And that's just what we need in a phrase that combines precision and puffery, rigor and mortis, warp and woof.

Now it turns out that there is one post-season award that exemplifies the actual principle within the phrase "regression to the mean." It's an award whose trophy should contain--or possibly simply just be--a double-edged sword.

"Managers of the Year" by Francisco Goya...
What's that award?

It's called Manager of the Year. Today, two fine fellows will get honored for their work in the dugout. Next year, they will almost certainly get buried.

Think I'm off my rocker? (It's OK, national polls favor your position.) Here are the facts: the winning percentage of managers in the years they win the MoYA (rhymes with Goya, so...) is .591. Their winning percentage in the year after is...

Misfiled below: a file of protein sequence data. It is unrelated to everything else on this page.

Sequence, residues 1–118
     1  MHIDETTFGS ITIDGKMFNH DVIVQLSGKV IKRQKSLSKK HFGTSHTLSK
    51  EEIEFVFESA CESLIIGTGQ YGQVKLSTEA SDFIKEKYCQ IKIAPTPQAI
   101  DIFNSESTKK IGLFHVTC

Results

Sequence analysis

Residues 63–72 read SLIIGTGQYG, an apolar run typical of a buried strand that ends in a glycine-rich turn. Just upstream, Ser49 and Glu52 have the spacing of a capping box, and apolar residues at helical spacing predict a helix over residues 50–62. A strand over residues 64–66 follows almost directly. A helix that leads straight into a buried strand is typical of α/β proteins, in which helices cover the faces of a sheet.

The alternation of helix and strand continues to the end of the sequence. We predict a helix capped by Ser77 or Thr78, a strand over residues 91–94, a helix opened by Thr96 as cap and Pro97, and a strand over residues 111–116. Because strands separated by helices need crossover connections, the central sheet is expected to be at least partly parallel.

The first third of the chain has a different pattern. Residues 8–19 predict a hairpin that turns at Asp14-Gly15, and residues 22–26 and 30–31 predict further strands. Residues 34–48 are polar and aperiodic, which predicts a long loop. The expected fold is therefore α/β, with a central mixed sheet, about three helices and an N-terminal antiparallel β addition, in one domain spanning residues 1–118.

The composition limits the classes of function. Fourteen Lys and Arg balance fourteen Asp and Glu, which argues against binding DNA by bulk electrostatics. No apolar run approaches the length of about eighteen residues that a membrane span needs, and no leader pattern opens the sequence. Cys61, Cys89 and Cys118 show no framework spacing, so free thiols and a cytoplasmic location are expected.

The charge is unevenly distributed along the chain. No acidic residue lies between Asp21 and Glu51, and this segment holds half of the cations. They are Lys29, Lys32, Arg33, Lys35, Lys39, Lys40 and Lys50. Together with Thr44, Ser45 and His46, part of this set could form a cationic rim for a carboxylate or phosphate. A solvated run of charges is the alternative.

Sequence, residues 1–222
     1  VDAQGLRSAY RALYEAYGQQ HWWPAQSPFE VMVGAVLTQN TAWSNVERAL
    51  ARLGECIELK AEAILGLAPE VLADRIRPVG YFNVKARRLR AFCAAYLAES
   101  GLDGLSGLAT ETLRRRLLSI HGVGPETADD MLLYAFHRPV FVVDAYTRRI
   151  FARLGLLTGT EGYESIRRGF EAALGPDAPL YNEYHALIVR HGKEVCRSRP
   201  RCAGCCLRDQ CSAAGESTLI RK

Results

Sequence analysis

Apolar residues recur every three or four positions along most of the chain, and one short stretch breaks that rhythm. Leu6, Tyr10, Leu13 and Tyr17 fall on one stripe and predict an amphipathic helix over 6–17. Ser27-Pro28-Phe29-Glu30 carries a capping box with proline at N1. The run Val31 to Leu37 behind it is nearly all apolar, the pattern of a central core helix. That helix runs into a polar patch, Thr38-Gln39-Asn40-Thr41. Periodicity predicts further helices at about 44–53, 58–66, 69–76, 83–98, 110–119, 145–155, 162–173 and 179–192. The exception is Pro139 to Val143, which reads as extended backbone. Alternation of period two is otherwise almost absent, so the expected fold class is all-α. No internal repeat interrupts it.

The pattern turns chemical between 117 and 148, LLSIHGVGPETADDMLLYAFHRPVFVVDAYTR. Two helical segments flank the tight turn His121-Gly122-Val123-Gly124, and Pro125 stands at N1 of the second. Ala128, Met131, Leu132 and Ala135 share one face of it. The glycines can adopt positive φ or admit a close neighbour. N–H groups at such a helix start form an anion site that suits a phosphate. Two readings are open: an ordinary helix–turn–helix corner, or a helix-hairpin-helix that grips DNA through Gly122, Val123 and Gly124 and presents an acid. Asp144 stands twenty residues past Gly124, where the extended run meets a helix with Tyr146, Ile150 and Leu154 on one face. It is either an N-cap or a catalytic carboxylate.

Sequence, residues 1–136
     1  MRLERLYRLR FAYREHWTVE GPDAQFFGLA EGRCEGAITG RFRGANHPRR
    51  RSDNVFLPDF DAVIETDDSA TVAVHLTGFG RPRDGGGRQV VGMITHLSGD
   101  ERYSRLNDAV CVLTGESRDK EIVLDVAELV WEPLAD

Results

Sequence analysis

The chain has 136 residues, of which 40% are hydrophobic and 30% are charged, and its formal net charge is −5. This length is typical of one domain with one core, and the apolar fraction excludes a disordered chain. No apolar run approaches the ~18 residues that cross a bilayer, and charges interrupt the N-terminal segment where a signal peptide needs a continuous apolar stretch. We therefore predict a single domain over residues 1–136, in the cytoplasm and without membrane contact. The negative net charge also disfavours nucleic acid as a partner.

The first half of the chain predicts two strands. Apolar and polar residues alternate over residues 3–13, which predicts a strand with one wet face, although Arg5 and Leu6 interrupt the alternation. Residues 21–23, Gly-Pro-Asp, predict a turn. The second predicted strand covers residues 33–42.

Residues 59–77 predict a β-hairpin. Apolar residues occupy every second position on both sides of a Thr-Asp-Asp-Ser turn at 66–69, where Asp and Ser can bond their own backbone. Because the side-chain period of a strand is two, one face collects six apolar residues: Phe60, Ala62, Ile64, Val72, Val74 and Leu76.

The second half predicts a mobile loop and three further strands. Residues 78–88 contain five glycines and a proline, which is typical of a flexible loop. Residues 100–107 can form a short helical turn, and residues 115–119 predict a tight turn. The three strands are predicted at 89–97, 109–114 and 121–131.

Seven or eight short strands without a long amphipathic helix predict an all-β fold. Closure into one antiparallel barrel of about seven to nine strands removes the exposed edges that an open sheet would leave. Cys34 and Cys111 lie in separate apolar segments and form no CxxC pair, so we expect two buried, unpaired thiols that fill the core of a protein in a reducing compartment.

That's an eighty-point drop. Teams win 13.4% fewer games in the season following a year where the manager has been a MoYA.

There have been fifty-four managers who were MoYA and managed again in the next year. (We tossed out Bobby Cox, TOR, 1985, and Davey Johnson, BAL, 1997, because they didn't manage in the following season). Out of this group of fifty-four managers, only four of them (7%) had a better winning percentage in the year after they won the MoYA. Those four managers who've beaten the odds are: Jim Leyland, PIT, 1990; Bobby Cox, ATL, 1991; Gene Lamont, CHW, 1993; and Joe Torre, NYY, 1996.